Nearly as terrific is the disc's opener, "Ordinary Day," on which the classically trained Carlton, who composed all 10 original songs, displays her gift for layering memorable melodies with intricate, challenging arrangements. On tunes that tap into classic rock as well as classical, Carlton also gets to show off her resonant, slightly quirky voice, which she employs with deft phrasing. Her only misstep? A revved-up cover of the 1966 Rolling Stones hit "Paint It Black" that is a nondescript shade of gray.
Bottom Line: Definitely somebody
Ramsey Lewis & Nancy Wilson (Narada Jazz/Virgin)
Some combos just work; Like PB & J or Lucy and Desi, pianist Ramsey Lewis and singer Nancy Wilson are great separately but perfect together. Lewis, 66, who over four decades has recorded with everyone from Grover Washington Jr. to Earth, Wind & Fire, defined "The In Crowd" in '65 when his trio put that song and phrase on the pop charts. In turn, the inimitable song stylings of Wilson, 65, have delivered pain, joy and sarcasm with surging emotion in her 43-year career. Now, on their second album together, Wilson's passion meets Lewis's lyricism, as his trio backs the vocalist on five songs (in addition to its six new instrumental tracks). Her take on Van Morrison's "Moon-dance" is as urgent as it is swinging, and the disc's highlight, "Peel Me a Grape," slinks along with sly humor as Wilson tells a beau, "Here's how to be an agreeable chap/ Love me and leave me in luxury's lap."
Bottom Line: Jazz's dynamic duo is dynamite
Tommy Shane Steiner (RCA)
Aerosmith meets Alabama in the power chords and foot-stompin' songs of Austin, Texas-reared Steiner, the scion of a genuine rodeo family. On his debut Steiner, 28, shows a flair for delivering southwestern country rock and contemporary story songs about everything from a Starbucks romantic encounter to an elderly stroke victim's plight.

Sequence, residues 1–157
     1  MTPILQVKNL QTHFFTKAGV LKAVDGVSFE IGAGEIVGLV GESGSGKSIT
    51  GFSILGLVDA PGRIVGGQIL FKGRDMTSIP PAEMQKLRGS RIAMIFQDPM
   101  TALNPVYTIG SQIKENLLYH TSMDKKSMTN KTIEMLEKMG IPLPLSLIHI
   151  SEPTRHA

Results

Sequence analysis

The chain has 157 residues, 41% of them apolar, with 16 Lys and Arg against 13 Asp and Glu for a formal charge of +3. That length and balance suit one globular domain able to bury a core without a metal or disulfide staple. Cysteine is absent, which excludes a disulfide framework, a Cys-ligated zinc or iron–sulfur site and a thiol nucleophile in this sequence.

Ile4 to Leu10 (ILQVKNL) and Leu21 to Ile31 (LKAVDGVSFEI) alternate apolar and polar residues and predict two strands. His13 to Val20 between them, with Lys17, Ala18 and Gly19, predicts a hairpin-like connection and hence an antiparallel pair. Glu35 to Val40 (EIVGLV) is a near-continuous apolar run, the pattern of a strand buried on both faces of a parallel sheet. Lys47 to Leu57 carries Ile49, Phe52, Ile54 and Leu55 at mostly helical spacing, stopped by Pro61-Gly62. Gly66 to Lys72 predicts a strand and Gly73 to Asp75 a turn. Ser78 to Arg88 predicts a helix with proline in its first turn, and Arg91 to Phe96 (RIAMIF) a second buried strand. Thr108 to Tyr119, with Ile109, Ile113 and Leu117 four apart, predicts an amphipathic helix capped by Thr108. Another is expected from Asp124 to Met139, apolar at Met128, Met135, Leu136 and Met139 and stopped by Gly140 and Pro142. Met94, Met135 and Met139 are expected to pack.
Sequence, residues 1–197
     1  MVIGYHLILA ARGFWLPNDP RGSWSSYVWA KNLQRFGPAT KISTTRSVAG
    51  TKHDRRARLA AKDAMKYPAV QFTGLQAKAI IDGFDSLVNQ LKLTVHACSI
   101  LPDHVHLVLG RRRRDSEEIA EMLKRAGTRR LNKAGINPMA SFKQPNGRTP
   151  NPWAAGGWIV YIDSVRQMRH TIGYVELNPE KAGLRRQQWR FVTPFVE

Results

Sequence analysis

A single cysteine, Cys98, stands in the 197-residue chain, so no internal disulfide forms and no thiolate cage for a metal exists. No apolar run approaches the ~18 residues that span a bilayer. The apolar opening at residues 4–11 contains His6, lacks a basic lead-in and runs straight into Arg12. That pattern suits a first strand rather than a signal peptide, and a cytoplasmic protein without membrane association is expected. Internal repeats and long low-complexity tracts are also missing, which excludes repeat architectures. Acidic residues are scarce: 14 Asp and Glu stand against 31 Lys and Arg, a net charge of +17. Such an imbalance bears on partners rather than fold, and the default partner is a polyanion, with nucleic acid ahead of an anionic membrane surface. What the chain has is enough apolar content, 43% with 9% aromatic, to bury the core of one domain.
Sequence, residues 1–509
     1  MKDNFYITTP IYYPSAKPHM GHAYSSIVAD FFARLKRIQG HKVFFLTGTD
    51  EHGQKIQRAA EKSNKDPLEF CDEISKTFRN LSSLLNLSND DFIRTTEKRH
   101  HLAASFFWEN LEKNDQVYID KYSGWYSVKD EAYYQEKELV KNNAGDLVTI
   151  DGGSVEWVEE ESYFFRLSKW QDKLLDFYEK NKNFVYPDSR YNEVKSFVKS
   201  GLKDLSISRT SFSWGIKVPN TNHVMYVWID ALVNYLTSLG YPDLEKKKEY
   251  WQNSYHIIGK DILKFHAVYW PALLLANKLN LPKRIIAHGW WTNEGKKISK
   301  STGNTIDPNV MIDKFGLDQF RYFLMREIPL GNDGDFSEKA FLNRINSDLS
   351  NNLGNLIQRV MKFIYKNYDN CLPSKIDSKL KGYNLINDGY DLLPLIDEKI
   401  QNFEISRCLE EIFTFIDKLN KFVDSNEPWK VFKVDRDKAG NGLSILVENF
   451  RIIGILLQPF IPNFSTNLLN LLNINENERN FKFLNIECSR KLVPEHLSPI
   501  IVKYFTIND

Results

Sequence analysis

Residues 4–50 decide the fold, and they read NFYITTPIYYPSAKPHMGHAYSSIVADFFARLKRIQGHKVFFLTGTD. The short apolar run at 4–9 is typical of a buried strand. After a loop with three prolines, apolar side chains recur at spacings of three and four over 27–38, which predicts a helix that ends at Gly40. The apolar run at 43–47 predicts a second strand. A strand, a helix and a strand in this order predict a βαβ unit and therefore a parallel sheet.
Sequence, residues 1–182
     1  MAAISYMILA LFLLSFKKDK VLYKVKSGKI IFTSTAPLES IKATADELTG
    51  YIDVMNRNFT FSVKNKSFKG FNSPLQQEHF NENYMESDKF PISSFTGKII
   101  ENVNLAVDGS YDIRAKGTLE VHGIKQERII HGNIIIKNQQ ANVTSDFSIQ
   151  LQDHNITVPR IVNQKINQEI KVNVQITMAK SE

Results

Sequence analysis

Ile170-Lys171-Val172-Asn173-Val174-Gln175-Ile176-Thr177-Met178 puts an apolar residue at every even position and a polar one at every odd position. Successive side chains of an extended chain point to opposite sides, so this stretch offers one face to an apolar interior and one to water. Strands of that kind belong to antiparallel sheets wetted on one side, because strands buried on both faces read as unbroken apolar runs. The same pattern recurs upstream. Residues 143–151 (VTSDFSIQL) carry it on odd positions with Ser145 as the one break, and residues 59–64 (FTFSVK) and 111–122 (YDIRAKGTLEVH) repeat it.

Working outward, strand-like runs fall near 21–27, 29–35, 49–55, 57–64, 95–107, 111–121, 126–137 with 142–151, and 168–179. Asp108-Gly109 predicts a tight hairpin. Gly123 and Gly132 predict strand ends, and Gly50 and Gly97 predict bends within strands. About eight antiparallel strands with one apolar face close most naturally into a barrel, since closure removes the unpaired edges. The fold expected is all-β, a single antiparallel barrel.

The singer lets loose with more traditional country on the Tim McGraw
-sounding "Havin' a Good Time" and brings in Randy Travis and Vince Gill for guest appearances. Still, this young buckaroo may rope as many fans in Cleveland as he does in Nashville.
Bottom Line: Longhorn with range
Avant (Magic Johnson/MCA)
Working for Earvin "Magic" Johnson's label and having the former L.A. Laker great serve as an executive producer for this effort, Avant must have pictured an easy layup off the glass. Yet although Ecstasy
scored Top 10 debuts on both Billboard
's pop and R&B charts, Avant shoots mostly bricks on his lackluster sophomore album. This is contemporary soul at its most formulaic, with the usual gauzy, amorous slow jams such as the single "Makin' Good Love" and lite hip-hop tracks featuring the obligatory rapper cameos (here, Cap-1 and Sean Don).
The predictable production and material (all of which Avant cowrote) wouldn't be quite so bad if his singing were stronger. His thin tenor, though, does little to distinguish him from every other R. Kelly wannabe. Only when guest vocalist Charlie Wilson (of Gap Band fame) pipes in on the ballad "One Way Street" are there moments when listeners will be content, much less ecstatic.
Bottom Line: This R&B is Routine and Boring
- Kyle Smith,
- Chuck Arnold,
- V.R. Peterson,
- Ralph Novak.